-&lt;p&gt;The vast majority of companies exist somewhere between these two poles, serving varied product to varied customers - and requiring such in order to prosper. For these businesses, delightfulness in a user interface can become a key differentiator which elevates it above the competition who default to the ordinary, and fail to delight. Given the choice of two stores selling the same range of products, would you chose the one staffed by the ryanair-esque shopkeeper, or the jetsetter-like assistant? Your UI is your shopfront and your shopstaff. It&apos;s the language with which you talk to your customers, the space you give them to make a decision, the gentle hand in the right direction at the right moment that turns an average user experience into an enjoyable one. And it&apos;s my belief that people will always gravitate towards the companies and services which treat them well and make them feel empowered, not embarrassed. The effect might be magnified as the purchase price goes up, but even when you&apos;re spending €5 on a paperback, you&apos;d sooner do it in a beautiful old book store than a soulless warehouse.
  74
+&lt;p&gt;What I don&apos;t accept however is that having occupied my time and effort in 16 hours of free work - plus the additional time spent attending the informal interview - is that it is too much to expect the courtesy of an email explaining why at the summation of that process it had been decided that I was not a good fit for the organisation. That strikes me as being a pretty shoddy way of operating, and not something one would expect if they were - as I am - familiar with the image Xero portrays of itself as an organisation and an employer. An email was the least I could expect in return for my considerable effort. I didn&apos;t get one, I didn&apos;t get anything from Xero at all. The next I saw of them was at Webstock where they would be again on the lookout for design staff who would no doubt also be asked to give up a slice of their free time for the same process to which I now feel unfortunate to have consented.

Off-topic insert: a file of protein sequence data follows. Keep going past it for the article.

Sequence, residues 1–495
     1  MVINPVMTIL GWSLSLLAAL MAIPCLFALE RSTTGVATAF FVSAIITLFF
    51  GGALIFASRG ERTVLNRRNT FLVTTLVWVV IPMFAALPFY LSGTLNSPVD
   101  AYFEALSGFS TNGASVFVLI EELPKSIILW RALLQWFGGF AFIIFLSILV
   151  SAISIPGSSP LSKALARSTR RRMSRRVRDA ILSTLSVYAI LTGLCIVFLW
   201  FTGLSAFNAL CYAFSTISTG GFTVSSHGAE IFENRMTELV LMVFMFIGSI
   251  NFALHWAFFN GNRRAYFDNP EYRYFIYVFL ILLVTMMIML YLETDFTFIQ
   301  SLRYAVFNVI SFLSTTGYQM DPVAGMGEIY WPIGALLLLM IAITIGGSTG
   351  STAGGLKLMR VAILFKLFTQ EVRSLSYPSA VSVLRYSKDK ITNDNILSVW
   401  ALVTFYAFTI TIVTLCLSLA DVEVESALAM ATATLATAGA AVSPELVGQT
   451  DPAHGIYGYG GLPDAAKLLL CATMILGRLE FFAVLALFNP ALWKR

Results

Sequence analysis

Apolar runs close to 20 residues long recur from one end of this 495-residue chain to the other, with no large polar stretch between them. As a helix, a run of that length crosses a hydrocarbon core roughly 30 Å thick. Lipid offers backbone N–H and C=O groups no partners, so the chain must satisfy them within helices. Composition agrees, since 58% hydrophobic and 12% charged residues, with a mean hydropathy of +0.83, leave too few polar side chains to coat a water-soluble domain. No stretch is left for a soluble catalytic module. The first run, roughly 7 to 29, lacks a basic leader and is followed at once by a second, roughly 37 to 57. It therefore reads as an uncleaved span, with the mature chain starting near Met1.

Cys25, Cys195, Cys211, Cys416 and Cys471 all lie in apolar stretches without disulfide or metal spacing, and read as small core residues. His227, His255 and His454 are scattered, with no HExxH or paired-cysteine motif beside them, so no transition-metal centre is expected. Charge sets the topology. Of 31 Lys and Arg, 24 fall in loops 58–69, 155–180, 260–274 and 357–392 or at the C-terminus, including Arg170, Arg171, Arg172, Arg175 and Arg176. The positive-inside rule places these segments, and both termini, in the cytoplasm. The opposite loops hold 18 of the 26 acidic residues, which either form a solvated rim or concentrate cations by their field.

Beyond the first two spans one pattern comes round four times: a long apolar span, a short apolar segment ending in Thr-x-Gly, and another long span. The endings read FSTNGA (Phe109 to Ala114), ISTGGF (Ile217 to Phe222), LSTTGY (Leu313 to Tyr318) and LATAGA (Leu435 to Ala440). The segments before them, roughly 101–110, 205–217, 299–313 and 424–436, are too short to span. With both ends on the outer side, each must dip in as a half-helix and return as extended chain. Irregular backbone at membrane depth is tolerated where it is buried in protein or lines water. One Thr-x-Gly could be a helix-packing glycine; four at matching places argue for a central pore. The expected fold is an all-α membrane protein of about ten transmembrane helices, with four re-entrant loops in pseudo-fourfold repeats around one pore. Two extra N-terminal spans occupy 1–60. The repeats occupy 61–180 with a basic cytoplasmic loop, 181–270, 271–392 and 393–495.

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 &lt;/p&gt;
124  
-&lt;p&gt;The challenge for UX designers is to figure out how to find this balance, to offer an appropriate experience inline with the full gamut of products on offer - to optimise for sales, and build for delight. To build something which adds to even the most high-cost purchase, and can massively elevate the experience of buying the most mundane, inexpensive goods.
  77